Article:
Wonderland" stuff to me. OK, I have had my rant. In what I was working
on I will just specify that T as a top-level const is disallowed. My
design can get by on that, rather than come up with some tortured code
that allows T as a top-level const in the sort of signature above which
works in both C++14 and C++17 on up.


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Re: C++17 and "Alice in Wonderland"

Boost - Dev mailing list
In reply to this post by Boost - Dev mailing list
On 3/24/2021 12:42 AM, Felipe Magno de Almeida via Boost wrote:

> On Tue, Mar 23, 2021 at 5:13 PM Edward Diener via Boost
> <[hidden email]> wrote:
>
> Hello Edward,
>
>> I apologize for this non-Boost related post, but I ran into what I
>> thought was a C++17 bug in clang ( also in vc++14.2 C++17 ), whose
>> explanation to me of why it is not a bug really sounds like the
>> non-logic of "Alice in Wonderland".
>
> [snip]
>
>> My bug
>> report is at https://bugs.llvm.org/show_bug.cgi?id=49684 and the
>> explanation given there just eludes me as to what C++17 is doing,
>
> [snip]
>
> Aren't consts ignored in function parameters?

Why are consts ignored in function parameters ? Is not
void f(int const) different from void f(int) ? In one the argument
passed can not be changed and in the other it can. How can they be the
same ?

> Then the parameter is not
> const and you have a mismatch. Can't you use different parameter types
> and use SFINAE by comparing the two after removing const?

Thanks ! Maybe I can. But to have to do so in such a simple situation
seems very strange.


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Re: C++17 and "Alice in Wonderland"

Boost - Dev mailing list
In reply to this post by Boost - Dev mailing list
  I also do not even begin to understand why 'bool (*)(char const)'
becomes 'bool (*)(char)' in any logical world. Clearly a char const is
not the same as a char. Who in their right minds would make up a rule
that says they are the same, whether in a function declaration or not ?
They clearly are not, unless you are out to destroy the notion that
top-level consts in function declarations mean anything.

That is pretty easy: The function type(!) does NOT include the const of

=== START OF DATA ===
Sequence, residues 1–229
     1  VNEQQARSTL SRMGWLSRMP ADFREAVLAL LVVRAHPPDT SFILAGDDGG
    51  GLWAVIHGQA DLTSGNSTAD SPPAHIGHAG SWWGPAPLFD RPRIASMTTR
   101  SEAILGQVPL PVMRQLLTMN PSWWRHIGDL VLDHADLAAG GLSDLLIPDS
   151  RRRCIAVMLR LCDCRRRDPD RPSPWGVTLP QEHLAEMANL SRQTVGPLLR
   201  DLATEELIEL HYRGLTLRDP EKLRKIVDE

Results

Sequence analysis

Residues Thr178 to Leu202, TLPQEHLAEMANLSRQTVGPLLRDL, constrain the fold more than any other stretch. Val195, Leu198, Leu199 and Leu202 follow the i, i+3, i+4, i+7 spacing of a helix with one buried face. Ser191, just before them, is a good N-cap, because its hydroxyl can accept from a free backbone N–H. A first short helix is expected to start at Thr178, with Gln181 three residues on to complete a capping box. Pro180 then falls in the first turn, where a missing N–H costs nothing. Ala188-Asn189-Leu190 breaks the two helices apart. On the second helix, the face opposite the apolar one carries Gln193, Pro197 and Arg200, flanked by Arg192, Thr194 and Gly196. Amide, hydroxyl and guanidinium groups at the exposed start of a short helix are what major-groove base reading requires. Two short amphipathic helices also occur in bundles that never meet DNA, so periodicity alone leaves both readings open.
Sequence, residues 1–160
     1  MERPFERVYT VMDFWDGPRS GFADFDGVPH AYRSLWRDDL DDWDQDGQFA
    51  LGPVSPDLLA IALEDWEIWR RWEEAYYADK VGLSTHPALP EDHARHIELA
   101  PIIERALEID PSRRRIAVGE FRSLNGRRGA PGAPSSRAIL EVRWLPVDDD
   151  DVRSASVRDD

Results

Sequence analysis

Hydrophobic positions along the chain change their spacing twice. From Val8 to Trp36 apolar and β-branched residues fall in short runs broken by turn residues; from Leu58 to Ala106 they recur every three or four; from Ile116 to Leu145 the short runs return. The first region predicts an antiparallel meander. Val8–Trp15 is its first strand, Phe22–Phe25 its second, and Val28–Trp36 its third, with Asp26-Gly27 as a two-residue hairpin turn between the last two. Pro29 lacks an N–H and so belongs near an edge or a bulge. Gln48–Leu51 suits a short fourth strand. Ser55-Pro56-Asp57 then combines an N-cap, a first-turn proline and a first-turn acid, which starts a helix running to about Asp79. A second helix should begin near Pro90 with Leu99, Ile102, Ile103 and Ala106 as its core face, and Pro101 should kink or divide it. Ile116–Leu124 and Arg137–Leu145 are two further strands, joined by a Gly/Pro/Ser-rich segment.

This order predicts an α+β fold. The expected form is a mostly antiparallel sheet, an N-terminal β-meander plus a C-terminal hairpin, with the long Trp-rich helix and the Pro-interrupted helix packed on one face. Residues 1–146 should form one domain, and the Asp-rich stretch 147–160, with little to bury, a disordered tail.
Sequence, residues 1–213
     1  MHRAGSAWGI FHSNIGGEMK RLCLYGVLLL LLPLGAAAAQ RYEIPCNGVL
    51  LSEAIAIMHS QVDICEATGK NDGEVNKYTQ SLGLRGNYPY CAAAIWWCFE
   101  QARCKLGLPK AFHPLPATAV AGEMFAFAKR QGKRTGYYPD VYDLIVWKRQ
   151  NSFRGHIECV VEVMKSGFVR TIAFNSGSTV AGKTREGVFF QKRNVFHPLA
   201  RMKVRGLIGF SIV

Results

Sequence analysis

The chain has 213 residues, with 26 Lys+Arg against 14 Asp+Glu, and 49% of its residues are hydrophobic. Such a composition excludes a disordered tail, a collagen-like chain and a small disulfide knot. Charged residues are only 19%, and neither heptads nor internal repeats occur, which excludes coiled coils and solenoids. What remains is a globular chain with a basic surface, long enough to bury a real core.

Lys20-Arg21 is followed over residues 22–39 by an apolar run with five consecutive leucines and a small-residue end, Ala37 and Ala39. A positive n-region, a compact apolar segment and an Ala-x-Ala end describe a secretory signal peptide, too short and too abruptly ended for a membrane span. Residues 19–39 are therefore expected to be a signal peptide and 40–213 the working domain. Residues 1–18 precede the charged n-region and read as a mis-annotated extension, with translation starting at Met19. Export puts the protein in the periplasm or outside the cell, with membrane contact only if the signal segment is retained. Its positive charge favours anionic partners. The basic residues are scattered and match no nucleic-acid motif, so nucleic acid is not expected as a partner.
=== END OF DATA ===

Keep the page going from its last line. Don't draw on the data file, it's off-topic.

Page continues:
value parameters. My goto for this is godbolt and an easy template test:
https://godbolt.org/z/7MvbWb3EW

This is why in the function declaration you can omit the const even when
you use it in the definition and if you think about it it makes sense:
If the function does or does not modify a copied (i.e. by-value)
parameter doesn't matter to the caller at all.

>
> Honestly if this is now C++, something seriously has gone wrong
> AFAICS. No doubt I am missing something basic, but this is truly
> "Alice in Wonderland" stuff to me. OK, I have had my rant. In what I
> was working on I will just specify that T as a top-level const is
> disallowed. My design can get by on that, rather than come up with
> some tortured code that allows T as a top-level const in the sort of
> signature above which works in both C++14 and C++17 on up.
In short the takeaway here is: Function value parameters in function
signatures are never const.



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Re: C++17 and "Alice in Wonderland"

Boost - Dev mailing list
In reply to this post by Boost - Dev mailing list
On 24.03.21 14:46, Edward Diener via Boost wrote:
> Why are consts ignored in function parameters ? Is not
> void f(int const) different from void f(int) ? In one the argument
> passed can not be changed and in the other it can. How can they be the
> same ?

That's an implementation detail of the function f that doesn't (and
shouldn't) affect the interface, and the type of f is part of its interface.

Let's say that I write a function like this:

void countdown(int start_val) {
   while (start_val >= 0) {
     std::cout << start_val << "\n" << std::flush;
     --start_val;
   }
}

Later I realize that changing the value of the start_val parameter is
confusing, so I rewrite the function like this:

void countdown(int const start_val) {
   for (int val = start_val; val >= 0; --val) {
     std::cout << val << "\n" << std::flush;
   }
}

I am (and should be) allowed to make this change without affecting any
users of my function because it is purely an implementation change.


--
Rainer Deyke ([hidden email])


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Re: C++17 and "Alice in Wonderland"

Boost - Dev mailing list
In reply to this post by Boost - Dev mailing list
On 2021-03-24 at 14:46, Edward Diener via Boost wrote:

> On 3/24/2021 12:42 AM, Felipe Magno de Almeida via Boost wrote:
>> On Tue, Mar 23, 2021 at 5:13 PM Edward Diener via Boost
>> <[hidden email]> wrote:
>>
>> Hello Edward,
>>
>>> I apologize for this non-Boost related post, but I ran into what I
>>> thought was a C++17 bug in clang ( also in vc++14.2 C++17 ), whose
>>> explanation to me of why it is not a bug really sounds like the
>>> non-logic of "Alice in Wonderland".
>>
>> [snip]
>>
>>> My bug
>>> report is at https://bugs.llvm.org/show_bug.cgi?id=49684 and the
>>> explanation given there just eludes me as to what C++17 is doing,
>>
>> [snip]
>>
>> Aren't consts ignored in function parameters?
>
> Why are consts ignored in function parameters ? Is not
> void f(int const) different from void f(int) ? In one the argument
> passed can not be changed and in the other it can. How can they be the
> same ?
>

As a caller of the function, you cannot tell the difference.

So why should they be different?  :-)




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Re: C++17 and "Alice in Wonderland"

Boost - Dev mailing list
In reply to this post by Boost - Dev mailing list